François Chapuis: Work on the first new university building in 20 years, the laboratory building for the Department of Chemistry, UZI 5, is almost done. The interior work will be completed by the end of January 2021, followed by comprehensive structural tests. The UZI 5 building will then be ready to move into in the summer. We are also planning the interim use of the old chemistry building, which we’re making available to three Zurich high schools. And then we’re preparing for the next building project, a new two-story building for the Functional Genomics Center Zurich, which will stand next to UZI 5 and be completed in 2024.
No. The plot for this building was added while the design plan was being developed. In the new building, the center will have all its equipment in one place. This makes for easier working, both for in-house researchers and outsiders using this research platform.
The design plan defines the individual plots and determines how many square meters of space the future building may hold. Other aspects are covered by a number of concepts that complement the design plan, for example the mobility concept, which shows how campus can be reached on foot, by bicycle or public transport. Or the open space concept, which focuses on how the new buildings will be carefully integrated into the surrounding “green spaces”, and on how Irchelpark can be enhanced and developed by including trees, meadows and bodies of water.
The design plan is really exemplary and gives us a complete overview of what’s going on. We recently submitted the entire bundle of specialized concepts to the Building Department of the Canton of Zurich.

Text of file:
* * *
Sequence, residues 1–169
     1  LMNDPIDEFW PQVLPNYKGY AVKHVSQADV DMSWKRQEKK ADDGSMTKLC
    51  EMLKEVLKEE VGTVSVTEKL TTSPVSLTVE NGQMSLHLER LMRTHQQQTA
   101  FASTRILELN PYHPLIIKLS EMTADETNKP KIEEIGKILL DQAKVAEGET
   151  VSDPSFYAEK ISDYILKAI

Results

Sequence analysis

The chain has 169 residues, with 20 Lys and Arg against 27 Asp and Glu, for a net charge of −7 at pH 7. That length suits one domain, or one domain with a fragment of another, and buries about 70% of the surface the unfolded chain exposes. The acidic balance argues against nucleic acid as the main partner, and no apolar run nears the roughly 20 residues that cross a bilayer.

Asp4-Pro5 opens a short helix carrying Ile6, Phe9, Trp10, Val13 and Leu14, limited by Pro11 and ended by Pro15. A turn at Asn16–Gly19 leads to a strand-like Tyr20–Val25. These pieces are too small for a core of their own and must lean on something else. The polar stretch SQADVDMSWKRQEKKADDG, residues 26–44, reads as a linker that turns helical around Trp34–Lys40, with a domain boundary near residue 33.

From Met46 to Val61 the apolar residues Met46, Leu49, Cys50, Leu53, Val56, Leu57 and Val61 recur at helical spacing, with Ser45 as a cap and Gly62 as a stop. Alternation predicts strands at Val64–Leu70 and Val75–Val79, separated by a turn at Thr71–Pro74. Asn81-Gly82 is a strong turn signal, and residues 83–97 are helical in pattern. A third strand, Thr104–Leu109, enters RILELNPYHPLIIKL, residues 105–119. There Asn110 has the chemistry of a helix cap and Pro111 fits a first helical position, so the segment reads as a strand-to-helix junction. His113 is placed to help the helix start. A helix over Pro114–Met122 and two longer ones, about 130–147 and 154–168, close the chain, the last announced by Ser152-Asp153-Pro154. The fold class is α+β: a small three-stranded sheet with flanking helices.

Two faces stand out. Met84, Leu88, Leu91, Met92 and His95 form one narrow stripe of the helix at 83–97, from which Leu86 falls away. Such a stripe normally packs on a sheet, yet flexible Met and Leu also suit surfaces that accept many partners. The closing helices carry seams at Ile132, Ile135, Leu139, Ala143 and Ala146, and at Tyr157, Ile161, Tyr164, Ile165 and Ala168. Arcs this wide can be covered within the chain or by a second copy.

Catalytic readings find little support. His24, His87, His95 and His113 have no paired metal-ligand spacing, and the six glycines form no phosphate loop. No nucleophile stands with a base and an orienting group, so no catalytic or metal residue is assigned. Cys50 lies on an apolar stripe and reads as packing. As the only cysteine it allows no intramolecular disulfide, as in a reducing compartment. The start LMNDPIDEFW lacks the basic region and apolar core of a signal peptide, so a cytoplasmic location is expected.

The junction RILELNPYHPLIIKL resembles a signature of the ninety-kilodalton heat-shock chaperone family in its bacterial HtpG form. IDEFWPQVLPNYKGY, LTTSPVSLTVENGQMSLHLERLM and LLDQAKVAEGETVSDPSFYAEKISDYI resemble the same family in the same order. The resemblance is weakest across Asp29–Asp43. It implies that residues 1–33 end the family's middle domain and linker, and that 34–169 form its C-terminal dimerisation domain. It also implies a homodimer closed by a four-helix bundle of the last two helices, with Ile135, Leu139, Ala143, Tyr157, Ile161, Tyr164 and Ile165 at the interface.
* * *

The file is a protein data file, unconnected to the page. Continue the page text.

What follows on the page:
If the design plan is approved by the head of the Building Department of the Canton of Zurich, we’ll be able to reliably plan ahead for the next 20 years. It would be a milestone.
Fortunately, the pandemic hasn’t had much of an impact so far. The interior work was delayed by almost four months, because our suppliers from Italy couldn’t deliver the lab furniture for the building. Nevertheless, our chemists will still be able to move into the new building in early August 2021.
The level of technology, without a doubt. The UZI 5 building is practically one giant machine enveloped by walls. The building’s technology is extremely complex. For example, the gigantic ventilation system circulates 570,000 cubic meters of air each hour, thereby providing a stable temperature and climate and ensuring the lab employee’s safety. The old lab building only managed 120,000 cubic meters. Some 90,000 sensors record a constant stream of building, energy and environmental data, and in this way optimize the building’s energy efficiency and regulate its technical systems.
One of the perks will be the multifunctional layout in the laboratory spaces. The labs are standardized in terms of equipment and have several connective appliances. This means that everybody is working with the same infrastructure and can change their workspaces as needed. The building’s office space will be a mix of fixed and shared workstations, common rooms and private spaces.
We’re going to commission a company that will help us plan and carry out the move. More specifically, we’ll launch a change management project, as such a move not only involves transporting objects from one place to another, but of course also affects people. Moving is a change process that often comes with insecurity and conflict, especially when employees’ workspaces change – as will be the case for some in the new building.